Managing responsiveness in the emergency department: Comparing dynamic priority queue with fast track

Yann B. Ferrand, Michael J. Magazine, Uday S. Rao, Todd F. Glass

Research output: Contribution to journalArticlepeer-review

20 Scopus citations


Emergency Departments (EDs) commonly face capacity imbalances and long wait times in a service system handling patients with different priorities. These problems are particularly important for low-priority patients who often remain in the queue for extended periods. We investigate two distinct approaches to address these challenges: fast track (FT) and dynamic priority queue (DPQ). Traditionally, EDs have prioritized patients using an Emergency Severity Index (ESI), in conjunction with FT, to strictly or partially dedicate resources to different ESI patient classes. With our proposed DPQ, patients are prioritized using ESI and additional real-time operational information about the patient, specifically the amount of accumulated wait time and flow time. Using an empirical simulation, we compare the impact of different resource allocation and prioritization approaches on patient length of stay (LOS), including the existing system at the ED, FT with strict and partial dedication and the possibility of shorter and less variable service times, and versions of the proposed DPQ using simple dynamic prioritization. Our main results are that: (i) the DPQ approach dominates the other approaches tested; (ii) for various ED sizes, FT with strict and partial dedication do not reduce average LOS of low-priority patients without significantly increasing average LOS of high-priority patients, unless service time mean and variance are reduced; (iii) DPQ using accumulated wait time or accumulated flow time improves performance. The results are robust to changes in the proportion of patients in each priority level. Overall, expanding decision making about patient prioritization from only considering the patient's clinical condition to also including operational data can improve performance dramatically, even without improved service times.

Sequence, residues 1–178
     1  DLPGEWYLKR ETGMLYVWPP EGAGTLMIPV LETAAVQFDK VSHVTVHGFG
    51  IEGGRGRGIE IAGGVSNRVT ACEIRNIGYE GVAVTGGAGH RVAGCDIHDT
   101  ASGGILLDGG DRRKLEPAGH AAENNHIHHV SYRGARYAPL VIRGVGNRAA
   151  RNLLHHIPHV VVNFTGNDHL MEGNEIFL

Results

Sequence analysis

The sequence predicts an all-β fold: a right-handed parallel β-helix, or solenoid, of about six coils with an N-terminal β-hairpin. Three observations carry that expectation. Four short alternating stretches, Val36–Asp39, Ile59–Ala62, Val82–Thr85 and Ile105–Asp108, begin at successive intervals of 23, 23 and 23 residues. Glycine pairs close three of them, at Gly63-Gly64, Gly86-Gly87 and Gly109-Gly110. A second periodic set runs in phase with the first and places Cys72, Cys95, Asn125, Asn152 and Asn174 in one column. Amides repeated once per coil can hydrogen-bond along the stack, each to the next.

Original languageEnglish (US)
Pages (from-to)15-26
Number of pages12
JournalJournal of Operations Management
StatePublished - Mar 2018
Externally publishedYes


  • Customer prioritization
  • Focused and flexible resources
  • Service system design

ASJC Scopus subject areas

  • Strategy and Management
  • Management Science and Operations Research
  • Industrial and Manufacturing Engineering


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